We are convinced from a reading of § 12-19-2, that there is no ambiguity in the meaning of the statute. The use of the word "may" in the clause in question clearly connotes discretionary, not mandatory action. Had the General Assembly intended to compel the courts to reduce sentences, as defendant argues, they would have used appropriate language to carry out such intent. This is borne out by the manner in which the words "shall" and "may" are used in the act.

In any event, even if the language in question were ambiguous, we would interpret it as permissive rather than mandatory. The sentence in a criminal case is an essential part of a judicial judgment. State v. Garnetto, 75 R.I. 86, 63 A.2d 777. If the pertinent language were intended by the Legislature to be mandatory, the result *682 would be a legislative revision of sentences previously imposed by a court. Such an attempt on the part of the General Assembly to alter a judicial judgment would amount to an unconstitutional exercise of judicial power. Opinion to the Governor, 91 R.I. 187, 162 A.2d 814. As this court said in State v. Garnetto, supra, at 92-93, 63 A.2d at 780:

"* * * the passage of a mandatory act directing and compelling a court to quash a sentence previously imposed would amount in effect to a reversal of the court's pronounced judgment. Such an act would be an indirect exercise of judicial power by the general assembly over the judgment and records of the court."

We are convinced that the principle of law applied in State v. Garnetto, supra, is equally applicable here, even though the former involved the quashing of a sentence previously imposed, and the case at bar involves the reduction of a previously imposed sentence. Thus, even assuming that the language in question were ambiguous, we would adopt the construction that would avoid unconstitutionality, and find that the statute is permissive, rather than mandatory. Opinion to the Governor, supra.

Thus, we are faced with a statute under which the "defendant may be a beneficiary of the legislature's benevolence." State v. Winston, 105 R.I. 447, n. 2 at 455, 252 A.2d 354, n. 2 at 358-59. So construed we perceive no constitutional obstacle. The Legislature is neither directly nor indirectly attempting to exercise the judicial power. It is merely giving to the court which originally imposed the sentence the limited authority, in the exercise of its judicial discretion, to reduce that sentence by pretrial and presentence confinement time. The act authorizes the courts, not the Legislature, to exercise the judicial power.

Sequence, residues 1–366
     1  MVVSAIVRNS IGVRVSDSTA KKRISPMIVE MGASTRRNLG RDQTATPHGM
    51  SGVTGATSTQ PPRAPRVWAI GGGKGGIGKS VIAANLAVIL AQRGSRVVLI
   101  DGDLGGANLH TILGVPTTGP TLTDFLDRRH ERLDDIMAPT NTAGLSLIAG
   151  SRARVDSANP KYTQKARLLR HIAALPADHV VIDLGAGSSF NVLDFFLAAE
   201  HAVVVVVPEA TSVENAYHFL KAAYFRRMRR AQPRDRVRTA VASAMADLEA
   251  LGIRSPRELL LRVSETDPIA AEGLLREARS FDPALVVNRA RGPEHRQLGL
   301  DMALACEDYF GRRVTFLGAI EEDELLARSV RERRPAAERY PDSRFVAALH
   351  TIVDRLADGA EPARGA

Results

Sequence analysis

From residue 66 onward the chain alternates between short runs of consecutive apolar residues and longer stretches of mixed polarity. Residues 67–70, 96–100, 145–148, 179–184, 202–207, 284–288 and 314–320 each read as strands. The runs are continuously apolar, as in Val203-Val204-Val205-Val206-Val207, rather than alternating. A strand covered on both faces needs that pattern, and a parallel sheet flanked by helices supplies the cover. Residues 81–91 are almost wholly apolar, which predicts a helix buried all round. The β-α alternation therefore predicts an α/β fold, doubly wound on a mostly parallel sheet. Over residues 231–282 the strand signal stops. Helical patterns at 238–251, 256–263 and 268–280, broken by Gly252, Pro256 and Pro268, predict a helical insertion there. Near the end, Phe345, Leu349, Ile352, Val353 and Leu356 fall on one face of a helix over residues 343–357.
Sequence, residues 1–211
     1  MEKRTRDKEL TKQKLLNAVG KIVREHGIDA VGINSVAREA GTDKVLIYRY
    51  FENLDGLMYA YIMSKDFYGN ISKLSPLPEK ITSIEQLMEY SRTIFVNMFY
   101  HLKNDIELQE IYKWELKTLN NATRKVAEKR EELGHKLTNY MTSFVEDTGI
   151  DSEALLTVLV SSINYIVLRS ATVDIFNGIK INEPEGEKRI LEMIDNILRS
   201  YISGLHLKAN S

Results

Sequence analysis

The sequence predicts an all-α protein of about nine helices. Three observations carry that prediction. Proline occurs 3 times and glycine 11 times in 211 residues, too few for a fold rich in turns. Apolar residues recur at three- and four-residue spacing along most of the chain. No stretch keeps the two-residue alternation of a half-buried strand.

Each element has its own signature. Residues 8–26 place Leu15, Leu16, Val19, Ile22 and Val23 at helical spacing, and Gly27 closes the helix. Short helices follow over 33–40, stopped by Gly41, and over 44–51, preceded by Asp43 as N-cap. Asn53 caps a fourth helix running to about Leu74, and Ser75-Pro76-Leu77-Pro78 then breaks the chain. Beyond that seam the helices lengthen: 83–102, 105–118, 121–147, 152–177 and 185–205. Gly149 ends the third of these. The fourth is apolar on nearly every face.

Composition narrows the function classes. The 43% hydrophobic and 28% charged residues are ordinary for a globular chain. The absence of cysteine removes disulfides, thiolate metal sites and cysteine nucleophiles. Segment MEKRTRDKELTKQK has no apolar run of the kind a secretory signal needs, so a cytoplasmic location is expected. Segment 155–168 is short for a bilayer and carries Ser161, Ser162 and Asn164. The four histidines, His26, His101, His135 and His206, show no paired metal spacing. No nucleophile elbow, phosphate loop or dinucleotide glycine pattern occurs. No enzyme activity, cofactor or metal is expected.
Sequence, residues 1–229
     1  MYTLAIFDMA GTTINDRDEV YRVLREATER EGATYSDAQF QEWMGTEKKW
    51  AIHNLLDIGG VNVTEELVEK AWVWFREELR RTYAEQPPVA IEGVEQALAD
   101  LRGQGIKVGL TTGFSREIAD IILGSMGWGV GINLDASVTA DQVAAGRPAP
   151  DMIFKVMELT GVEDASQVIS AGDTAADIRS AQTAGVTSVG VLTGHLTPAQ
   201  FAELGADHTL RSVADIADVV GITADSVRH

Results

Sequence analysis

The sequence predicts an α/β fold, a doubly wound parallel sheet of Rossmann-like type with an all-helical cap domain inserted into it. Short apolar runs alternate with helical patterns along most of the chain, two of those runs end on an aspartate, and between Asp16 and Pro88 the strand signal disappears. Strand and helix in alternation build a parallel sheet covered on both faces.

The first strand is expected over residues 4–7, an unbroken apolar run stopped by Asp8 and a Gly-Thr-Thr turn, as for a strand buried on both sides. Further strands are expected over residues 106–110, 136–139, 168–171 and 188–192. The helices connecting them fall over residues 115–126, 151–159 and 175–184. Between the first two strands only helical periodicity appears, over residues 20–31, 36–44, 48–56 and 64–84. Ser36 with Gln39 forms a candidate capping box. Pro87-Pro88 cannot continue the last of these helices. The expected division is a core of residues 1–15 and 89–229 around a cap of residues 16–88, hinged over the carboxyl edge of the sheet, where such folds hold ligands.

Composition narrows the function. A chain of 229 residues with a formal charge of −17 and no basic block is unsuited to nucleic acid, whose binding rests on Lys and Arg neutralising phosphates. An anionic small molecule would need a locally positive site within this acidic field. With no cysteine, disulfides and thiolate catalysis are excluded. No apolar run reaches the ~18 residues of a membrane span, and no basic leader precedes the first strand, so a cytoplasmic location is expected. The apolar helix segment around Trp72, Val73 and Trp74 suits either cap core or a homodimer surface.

In this posture the narrow question before us is whether, on this record, the denial of defendant's application constitutes an abuse of discretion. A preliminary question, however, is whether the record supports the finding of fact that the sentencing judge, in imposing the 25-year sentence, took into account the awaiting trial and sentence time. A careful reading of the entire record shows that there is nothing in the record which specifically or expressly indicates that the sentencing judge considered waiting time. The record before us includes a transcript of the hearing at which defendant was sentenced, but the transcript is silent on the issue of pretrial and presentence incarceration. Nor is there anything about this matter in the presentence report, on the jacket entry of the indictment, or in the statements of the sentencing judge. It is true that just before imposing sentence the trial judge said: